I tried to end the message on a diplomatic note, but it probably comes across as more stupid than tactful:

Thanks for your message. I’d like it if more people kept an eye on our figures and numbers in the newspaper. It keeps us on our toes!

Cheers
Dave Simanoff


The thrilling life of a journalist never ends.

Wednesday, August 2

"You're Gonna Lose, I Hope, I Pray, You Bastard."

As a reporter, I'm used to getting calls from irate readers who believe (a) what I have written is complete bullshit and (b) I am the world's greatest idiot for writing it.

However, I wasn't expecting a big backlash from a tiny story about the latest wage figures from the U.S. Bureau of Labor Statistics.

The morning after the story ran, someone called to say that the average for Hillsborough County, $781 a week, must be wrong. His reasoning: no one at his company (a home improvement store) gets paid that much. He asked if the average was only for lawyers and doctors. If you do a little math, that means that the caller believes that lawyers and doctors in this area earn about $40,000 a year.

I explained where the figure comes from, and explained that the average didn't seem out of line based on other wage estimates I've seen for Hillsborough and the Tampa Bay area.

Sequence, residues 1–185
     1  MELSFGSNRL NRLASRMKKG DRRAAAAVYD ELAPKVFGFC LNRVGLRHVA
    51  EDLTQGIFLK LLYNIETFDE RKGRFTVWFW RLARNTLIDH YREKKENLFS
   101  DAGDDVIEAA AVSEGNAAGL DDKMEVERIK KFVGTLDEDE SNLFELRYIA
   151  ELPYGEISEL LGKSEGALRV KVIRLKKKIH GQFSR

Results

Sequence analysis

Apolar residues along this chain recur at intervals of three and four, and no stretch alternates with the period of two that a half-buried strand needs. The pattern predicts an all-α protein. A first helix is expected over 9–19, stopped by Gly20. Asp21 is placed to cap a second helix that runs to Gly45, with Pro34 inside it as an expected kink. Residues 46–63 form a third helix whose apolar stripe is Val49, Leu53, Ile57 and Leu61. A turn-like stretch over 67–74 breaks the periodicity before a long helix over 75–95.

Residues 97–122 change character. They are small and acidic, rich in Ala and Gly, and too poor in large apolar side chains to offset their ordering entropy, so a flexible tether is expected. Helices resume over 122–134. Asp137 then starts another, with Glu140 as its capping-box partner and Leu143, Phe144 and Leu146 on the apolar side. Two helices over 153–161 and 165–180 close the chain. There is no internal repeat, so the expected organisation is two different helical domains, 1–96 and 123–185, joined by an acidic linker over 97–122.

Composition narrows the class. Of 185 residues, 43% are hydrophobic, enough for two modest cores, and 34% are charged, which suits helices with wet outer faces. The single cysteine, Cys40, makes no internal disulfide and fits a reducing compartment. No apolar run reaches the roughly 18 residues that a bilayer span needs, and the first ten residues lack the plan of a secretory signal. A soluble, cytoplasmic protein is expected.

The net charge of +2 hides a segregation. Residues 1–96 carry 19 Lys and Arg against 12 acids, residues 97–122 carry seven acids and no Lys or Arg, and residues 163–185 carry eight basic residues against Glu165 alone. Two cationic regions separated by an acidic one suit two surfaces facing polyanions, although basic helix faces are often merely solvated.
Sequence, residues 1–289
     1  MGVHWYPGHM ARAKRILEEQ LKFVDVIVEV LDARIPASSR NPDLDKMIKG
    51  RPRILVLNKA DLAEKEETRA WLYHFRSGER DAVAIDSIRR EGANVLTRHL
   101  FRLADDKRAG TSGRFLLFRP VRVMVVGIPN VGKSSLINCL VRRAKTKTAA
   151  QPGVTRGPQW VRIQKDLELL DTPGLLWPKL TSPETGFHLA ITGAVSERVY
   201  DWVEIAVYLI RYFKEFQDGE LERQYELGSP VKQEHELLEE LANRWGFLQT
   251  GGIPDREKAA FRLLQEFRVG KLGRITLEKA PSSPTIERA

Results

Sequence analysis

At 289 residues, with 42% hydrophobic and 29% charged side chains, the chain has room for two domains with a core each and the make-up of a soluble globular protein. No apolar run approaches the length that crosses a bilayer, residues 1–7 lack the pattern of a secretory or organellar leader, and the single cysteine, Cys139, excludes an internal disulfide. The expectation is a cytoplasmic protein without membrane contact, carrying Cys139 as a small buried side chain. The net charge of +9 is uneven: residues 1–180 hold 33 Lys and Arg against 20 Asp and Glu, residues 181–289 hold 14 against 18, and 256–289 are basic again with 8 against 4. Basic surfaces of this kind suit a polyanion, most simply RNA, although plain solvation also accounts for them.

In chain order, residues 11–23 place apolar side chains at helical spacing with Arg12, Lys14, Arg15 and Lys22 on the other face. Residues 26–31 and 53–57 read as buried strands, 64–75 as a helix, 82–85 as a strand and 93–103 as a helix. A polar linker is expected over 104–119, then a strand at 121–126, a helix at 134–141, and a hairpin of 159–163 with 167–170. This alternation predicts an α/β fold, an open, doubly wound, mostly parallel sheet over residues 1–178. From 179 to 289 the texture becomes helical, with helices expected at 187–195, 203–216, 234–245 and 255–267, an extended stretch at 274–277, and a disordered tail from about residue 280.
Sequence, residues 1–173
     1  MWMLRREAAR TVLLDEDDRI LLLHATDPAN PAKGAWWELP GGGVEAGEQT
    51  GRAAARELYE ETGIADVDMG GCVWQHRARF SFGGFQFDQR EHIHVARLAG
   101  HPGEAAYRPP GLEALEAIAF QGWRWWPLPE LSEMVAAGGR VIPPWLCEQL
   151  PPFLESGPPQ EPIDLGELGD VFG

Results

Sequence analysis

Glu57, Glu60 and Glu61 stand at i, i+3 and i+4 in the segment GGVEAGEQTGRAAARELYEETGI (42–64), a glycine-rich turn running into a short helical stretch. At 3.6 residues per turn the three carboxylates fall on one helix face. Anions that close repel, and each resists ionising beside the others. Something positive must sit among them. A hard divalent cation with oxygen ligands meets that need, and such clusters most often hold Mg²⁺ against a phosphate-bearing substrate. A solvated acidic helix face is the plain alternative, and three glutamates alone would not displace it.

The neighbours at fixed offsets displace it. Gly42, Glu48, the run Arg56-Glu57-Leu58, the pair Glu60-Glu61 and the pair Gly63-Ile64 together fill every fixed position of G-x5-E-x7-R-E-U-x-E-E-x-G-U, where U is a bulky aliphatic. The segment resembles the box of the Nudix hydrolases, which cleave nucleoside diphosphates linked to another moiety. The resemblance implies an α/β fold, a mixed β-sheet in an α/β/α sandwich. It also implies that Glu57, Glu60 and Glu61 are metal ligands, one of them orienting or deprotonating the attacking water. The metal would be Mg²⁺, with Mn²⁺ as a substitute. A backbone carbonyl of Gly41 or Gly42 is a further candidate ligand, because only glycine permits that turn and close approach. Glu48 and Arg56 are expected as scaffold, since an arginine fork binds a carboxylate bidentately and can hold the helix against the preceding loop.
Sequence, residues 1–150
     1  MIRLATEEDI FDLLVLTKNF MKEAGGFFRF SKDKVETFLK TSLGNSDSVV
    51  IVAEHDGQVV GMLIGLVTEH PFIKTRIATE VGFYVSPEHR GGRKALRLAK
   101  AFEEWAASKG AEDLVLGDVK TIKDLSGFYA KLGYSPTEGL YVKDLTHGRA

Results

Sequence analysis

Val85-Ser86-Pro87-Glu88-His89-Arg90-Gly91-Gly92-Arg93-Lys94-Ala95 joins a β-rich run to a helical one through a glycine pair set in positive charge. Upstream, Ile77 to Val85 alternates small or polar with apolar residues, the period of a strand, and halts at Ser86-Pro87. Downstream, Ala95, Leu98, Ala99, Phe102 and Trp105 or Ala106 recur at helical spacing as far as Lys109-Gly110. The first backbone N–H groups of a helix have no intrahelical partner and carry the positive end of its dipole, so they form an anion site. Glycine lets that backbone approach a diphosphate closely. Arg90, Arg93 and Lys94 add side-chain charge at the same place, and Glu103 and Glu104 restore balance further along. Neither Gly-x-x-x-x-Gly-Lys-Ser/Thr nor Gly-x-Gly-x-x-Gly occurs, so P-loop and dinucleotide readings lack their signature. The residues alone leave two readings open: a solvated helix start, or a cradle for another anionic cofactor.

That afternoon, I got a voice mail message from a much more belligerent reader. He started his rant by questioning the $781 figure, and ended by saying he was "mad as hell" and telling me "You're gonna lose, I hope, I pray, you bastard."

Yup, both direct quotes.

This character called me back the next day, telling me, among other things, that everything the government says is a lie, and that there is no way that the average could be $781 a week in Hillsborough because he doesn't know anyone that earns that much. He also said that everyone in Hillsborough works in a store or hotel, and that half the houses in the county are under foreclosure.

I tried to explain, fruitlessly, that there are indeed workers in the Tampa Bay area with jobs that pay $781 a week or more. I even called up the Bureau of Labor Statistic Web site and gave him some examples. He was having none of it. Apparently, the facts don't fit with his belief that there's some grand government conspiracy to manipulate various statistics so that they don't have to raise his Social Security payments.

When the conversation had gone on long enough, I invited him to write a "crackpot letter to the editor" and gave him our address. Then I hung up.

I got a small round of applause from the people sitting around me.

Now, don't you wish you were a reporter?

It's just another exciting chapter in my life as an intrepid reporter.